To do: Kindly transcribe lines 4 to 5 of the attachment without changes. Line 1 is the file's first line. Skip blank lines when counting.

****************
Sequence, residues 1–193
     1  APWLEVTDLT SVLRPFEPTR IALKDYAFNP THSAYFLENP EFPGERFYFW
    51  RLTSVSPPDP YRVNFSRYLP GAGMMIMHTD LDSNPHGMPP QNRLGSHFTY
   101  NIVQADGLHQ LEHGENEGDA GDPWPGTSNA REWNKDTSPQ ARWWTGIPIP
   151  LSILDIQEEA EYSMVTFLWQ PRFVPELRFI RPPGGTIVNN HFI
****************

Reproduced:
   101  NIVQADGLHQ LEHGENEGDA GDPWPGTSNA REWNKDTSPQ ARWWTGIPIP
   151  LSILDIQEEA EYSMVTFLWQ PRFVPELRFI RPPGGTIVNN HFI